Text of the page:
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" We cannot allow the colonies to check, or discourage in any degree, a traffic so beneficial to the nation. "
The Edinburgh Review: Or Critical Journal - Page 3
1901
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A History of England in the Eighteenth Century, Volume 2

William Edward Hartpole Lecky - Great Britain - 1878
...religious world, answering the remonstrance of a colonial agent in these memorable words : ' We cannot allow the colonies to check or discourage in any degree a traffic so beneficial to the nation.' 3 It has been computed that up to the year 1740 the number of negroes who had been introduced into...
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A History of England in the Eighteenth Century, Volume 2

William Edward Hartpole Lecky - Great Britain - 1878
...SLAVE TRADE. 17 answering the remonstrance of a colonial agent in these memorable words : ' We cannot allow the colonies to check or discourage in any degree a traffic so beneficial to the nation.' 1 It has been computed that up to the year 1 740 the number of negroes who had .been introduced into...
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A history of England in the eighteenth century, Volume 2

William Edward H. Lecky - 1879
...religious world, answering the remonstrance of a colonial agent in these memorable words : ' We cannot allow the colonies to check or discourage in any degree a traffic so beneficial to the nation.'3 It has been computed that up to the year 1740 the number of negroes who had been introduced...
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De Bow's Review, Volume 5

James Dunwoody Brownson De Bow, Robert Gibbes Barnwell, Edwin Bell, William MacCreary Burwell - Southern States - 1868
...abrubtly and sternly gave a quietus to these protests of the colonies, in the following words: " We cannot allow the colonies to check or discourage, in any degree, a traffic so beneficial to the nation." This remarkable exhibition of the unfeeling spirit of gain by which the English government was actuated...
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A History of the American People

Arthur Gilman - United States - 1883 - 668 pages
...the prosperity of the plantation. In 1676, the Earl of Dartmouth said to a colonial agent, "We cannot allow the Colonies to check, or discourage in any degree, a traffic so beneficial to the nation." :d Peter Stuyvepote 7<-s>:l;f l"Ik-| >]| Vi:: was president of ;~on of the slave trade, and in 17 12,...
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History of the United States of America: From the Discovery of the ..., Volume 2

George Bancroft - United States - 1883
...congress, in 1776, the earl of Dartmouth addressed to a colonial agent these memorable words: " We cannot allow the colonies to check, or discourage in any degree, a traffic so beneficial to the nation." The assiento treaty, originally extorted by force of arms, remained a source of jealousy between Spain...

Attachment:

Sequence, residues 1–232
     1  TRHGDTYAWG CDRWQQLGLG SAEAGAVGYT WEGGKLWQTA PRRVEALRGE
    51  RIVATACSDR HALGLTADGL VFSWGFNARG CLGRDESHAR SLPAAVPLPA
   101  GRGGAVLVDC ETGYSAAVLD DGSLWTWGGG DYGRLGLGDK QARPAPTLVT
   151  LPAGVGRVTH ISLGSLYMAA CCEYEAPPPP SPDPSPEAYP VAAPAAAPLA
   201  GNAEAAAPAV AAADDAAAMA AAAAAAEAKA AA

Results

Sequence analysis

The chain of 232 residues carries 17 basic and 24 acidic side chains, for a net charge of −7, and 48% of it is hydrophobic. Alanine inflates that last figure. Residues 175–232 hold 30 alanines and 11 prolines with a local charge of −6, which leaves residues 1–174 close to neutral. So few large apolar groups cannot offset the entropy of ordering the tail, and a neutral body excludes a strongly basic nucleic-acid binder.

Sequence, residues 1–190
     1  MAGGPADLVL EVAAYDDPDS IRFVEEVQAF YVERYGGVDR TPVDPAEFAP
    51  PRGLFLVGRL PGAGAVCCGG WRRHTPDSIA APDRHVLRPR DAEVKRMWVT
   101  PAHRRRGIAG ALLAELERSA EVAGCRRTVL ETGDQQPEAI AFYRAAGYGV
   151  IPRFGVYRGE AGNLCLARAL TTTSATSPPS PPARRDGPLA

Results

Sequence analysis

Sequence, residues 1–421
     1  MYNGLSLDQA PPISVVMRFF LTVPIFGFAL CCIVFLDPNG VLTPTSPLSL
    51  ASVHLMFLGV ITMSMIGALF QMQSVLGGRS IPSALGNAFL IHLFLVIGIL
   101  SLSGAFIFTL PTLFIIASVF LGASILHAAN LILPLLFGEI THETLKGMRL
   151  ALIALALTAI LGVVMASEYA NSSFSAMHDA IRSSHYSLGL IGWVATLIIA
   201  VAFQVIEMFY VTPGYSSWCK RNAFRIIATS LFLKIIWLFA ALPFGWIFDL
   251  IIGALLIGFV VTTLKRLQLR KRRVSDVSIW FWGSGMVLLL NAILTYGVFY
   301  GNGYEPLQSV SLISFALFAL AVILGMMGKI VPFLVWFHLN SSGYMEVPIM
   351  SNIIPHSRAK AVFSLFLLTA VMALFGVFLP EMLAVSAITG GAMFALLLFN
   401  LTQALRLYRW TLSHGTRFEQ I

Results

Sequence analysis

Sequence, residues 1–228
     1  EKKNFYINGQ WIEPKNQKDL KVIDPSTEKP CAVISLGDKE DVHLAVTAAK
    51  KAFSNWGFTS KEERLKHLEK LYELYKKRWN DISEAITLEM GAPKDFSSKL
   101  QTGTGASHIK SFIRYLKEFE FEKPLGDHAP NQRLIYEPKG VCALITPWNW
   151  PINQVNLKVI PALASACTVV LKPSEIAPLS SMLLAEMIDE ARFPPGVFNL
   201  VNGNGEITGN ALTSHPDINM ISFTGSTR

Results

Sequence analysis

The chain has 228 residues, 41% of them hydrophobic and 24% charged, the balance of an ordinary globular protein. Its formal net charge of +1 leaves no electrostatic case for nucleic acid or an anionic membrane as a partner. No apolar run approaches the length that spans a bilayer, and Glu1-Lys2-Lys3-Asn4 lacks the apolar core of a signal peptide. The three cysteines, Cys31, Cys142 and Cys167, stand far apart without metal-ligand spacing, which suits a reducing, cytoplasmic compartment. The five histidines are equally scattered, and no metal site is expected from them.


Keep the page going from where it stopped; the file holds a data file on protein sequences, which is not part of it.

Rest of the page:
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History of the United States of America, from the Discovery of the ..., Volume 2

George Bancroft - United States - 1888
...congress, in 1776, the earl of Dartmouth addressed to a colonial agent these memorable words : " We cannot allow the colonies to check, or discourage in any degree, a traffic so beneficial to the nation." The assiento treaty, originally extorted by force of arms, remained a source of jealousy between Spain...
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The Story of an Old Farm: Or, Life in New Jersey in the Eighteenth Century

Andrew D. Mellick - Bedminster (N.J.) - 1889 - 743 pages
...the slave trade, the Earl of Dartmouth addressed the following words to a colonial agent : We cannot allow the colonies to check or discourage, in any degree, a traffic so beneficial to the nation. During a debate in the house of commons on the question of the suppression of this trade, a wise legislator...
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A History of England from the Conclusion of the Great War in 1815, Volume 6

Sir Spencer Walpole - Great Britain - 1890
...Colonies, and one of the most conspicuous leaders of the English religious world," declared, " We cannot allow the colonies to check or discourage in any degree a traffic so beneficial to the nation." 1 Yet, at the very time at which an English minister could make such a declaration, the agitation had...
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Our Country, Historic and Picturesque: A Complete Story of Its Development ...

Tryon Edwards - United States - 1891 - 462 pages
...saying it was " the pillar and support of the British plantation trade in America," and that they " could not allow the colonies to check or discourage,...degree, a traffic so beneficial to the nation." And so slavery continued, until, as the result of secession, freedom came to the millions who had been...
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